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Alternative All-Inside Technique of Repairing a Vertical Meniscus Tear

Open AccessPublished:August 07, 2020DOI:https://doi.org/10.1016/j.eats.2020.04.018

      Abstract

      Lateral meniscus vertical tears are often seen with acute anterior cruciate ligament injuries. The inside-out technique of repairing the meniscal tear is currently the gold standard treatment. However, every technique has its own drawbacks. The inside-out technique has possible risk of infection and neurovascular complications. All-inside techniques are becoming increasingly popular. A novel all-inside technique and a variation of it for meniscus repair using an antegrade suture passer like a Knee Scorpion are described. These are cost effective using a 2-0 FiberWire for repair of vertical meniscal tears. This technique also provides a better control of reduction at tear site through tensioning the 2 suture limbs. It is cost effective, easy to use, and has less neurovascular complications as compared with the inside -out technique.

      Technique Video

      See video under supplementary data.

      Lateral meniscus vertical tears are often seen with acute anterior cruciate ligament injury.
      • Nikolic D.K.
      Lateral meniscus tears and their evolution in acute injuries of the anterior cruciate ligament of the knee. Arthroscopic analysis.
      Treatment options range from meniscectomy to meniscus repair. However, repairs have proven advantages in clinical literature and should be performed wherever possible.
      • Lutz C.
      • Dalmay F.
      • Ehkirch F.P.
      • et al.
      Meniscectomy versus meniscal repair: 10 years radiological and clinical results in vertical lesions in stable knee.
      The inside-out technique of repair is currently the gold standard.
      • Fillingham Y.A.
      • Riboh J.C.
      • Erickson B.J.
      • Bach B.R.
      • Yanke A.B.
      Inside-out versus all-inside repair of isolated meniscal tears: An updated systematic review.
      The all-inside repair is increasingly becoming popular but is, however, more expensive.
      • Bogunovic L.
      • Kruse L.K.
      • Haas A.K.
      • Huston L.J.
      • Wright R.W.
      Outcome of all inside second generation meniscal repair: Minimum 5-year follow-up.
      Antegrade suture passers like the Scorpion have been used routinely in shoulder surgery. However, the knee provides less space to manipulate these devices in routine meniscus repairs.
      • Woodmass J.M.
      • Krych A.J.
      Horizontal cleavage meniscus tear treated with all inside circumferential compression stitches.
      Knee-specific antegrade suture passers like the Knee Scorpion (Arthrex, Naples, FL) have been introduced that are more low profile to be used in tight spaces like the knee. They are used in repairing root tears of the menisci.
      • Smith P.A.
      • Bley J.A.
      Simplified arthroscopic lateral meniscal root repair involving the use of 2 cinch loop sutures.
      However, there has been just 1 case report on their use in bucket-handle meniscus tears.
      • Mhaskar V.A.
      • Mahehswari J.
      • Sansanwal M.
      Femoral avulsion of the anterior cruciate ligament in a multiligament setting: A unique case.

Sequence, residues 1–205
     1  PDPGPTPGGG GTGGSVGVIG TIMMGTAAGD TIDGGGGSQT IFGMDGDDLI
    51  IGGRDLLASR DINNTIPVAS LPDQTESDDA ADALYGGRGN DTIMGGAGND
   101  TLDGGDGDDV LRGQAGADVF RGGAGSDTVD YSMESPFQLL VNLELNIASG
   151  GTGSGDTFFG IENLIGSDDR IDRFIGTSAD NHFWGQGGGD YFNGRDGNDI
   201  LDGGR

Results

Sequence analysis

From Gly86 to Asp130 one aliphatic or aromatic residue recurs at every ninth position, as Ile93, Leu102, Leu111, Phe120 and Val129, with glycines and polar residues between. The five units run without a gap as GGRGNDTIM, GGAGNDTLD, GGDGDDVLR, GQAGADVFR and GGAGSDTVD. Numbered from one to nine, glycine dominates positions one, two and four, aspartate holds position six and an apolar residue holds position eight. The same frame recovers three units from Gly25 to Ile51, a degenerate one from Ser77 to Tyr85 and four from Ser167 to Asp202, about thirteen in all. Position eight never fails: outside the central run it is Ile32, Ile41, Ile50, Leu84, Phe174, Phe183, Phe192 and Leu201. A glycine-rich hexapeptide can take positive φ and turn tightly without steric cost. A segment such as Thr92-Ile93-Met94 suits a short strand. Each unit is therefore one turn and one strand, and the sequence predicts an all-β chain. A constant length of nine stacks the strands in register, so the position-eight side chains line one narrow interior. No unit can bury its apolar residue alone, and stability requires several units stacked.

The described techniques are novel all-inside future repair techniques of lateral meniscus vertical tears using a knee scorpion and 2-0 FiberWire suture (Arthrex). There are 2 variations of the technique that have been described individually, depending on the location of the tear and the width of the meniscus. Technique A is used in tears that are in the red-white zone or where the posterior horn’s width is not greater than the length of the Knee Scorpion’s jaw. Technique B is used in cases in which the tear is in the red-red zone or the posterior horn width is more than the length of the Knee Scorpion’s jaw.

      Technique A (With Video Illustration)

      A standard anterolateral portal (portal A) of 1 cm in size is made in the soft spot and the arthroscope is introduced. The vertical tear in the lateral meniscus is identified. The joint space is opened up by giving a varus stress in a figure of 4 position on the operating table and the tear is visualized (Fig 1 A and B ). A 1-cm high horizontal medial portal (portal B) is made such that instruments can be introduced into the lateral compartment without scuffing the cartilage. The tear is freshened using a diamond rasp. A flexible PassPort Cannula (Arthrex) is introduced through portal B. The lower jaw of the Scorpion is loaded with a 2-0 FiberWire. The suture-loaded Knee Scorpion is then introduced through this portal. The jaws of the Knee Scorpion are opened and the meniscal tissue grasped till beyond the tear. The jaws are closed to secure the meniscal tissue and scorpion needle advanced to retrieve the FiberWire through the upper jaw (Fig 1 C and D). The scorpion is pulled back through the portal. The FiberWire is released from the scorpion. This secures the bite through the peripheral part of the meniscus beyond the tear (Fig 1 E and F). The Knee Scorpion is again loaded with the inferior arm of the FiberWire that passes under the meniscus. The meniscal tissue central to the tear is grasped again with the scorpion and jaws closed. The FiberWire is retrieved by advancing the needle of scorpion (Fig 1 G and H), and the scorpion is withdrawn. The FiberWire is released from the scorpion, leaving 2 ends of the FiberWire passing through near and far ends of the meniscal tissue around the tear (Fig 1I). Taking the peripheral part of the FiberWire as a post, a knot is tied in the peripheral part of meniscus with a knot pusher and a total of 3 knots tied (Fig 1 J and K). The FiberWire is cut flush with knot with the help of a suture cutter (Fig 1 L and M).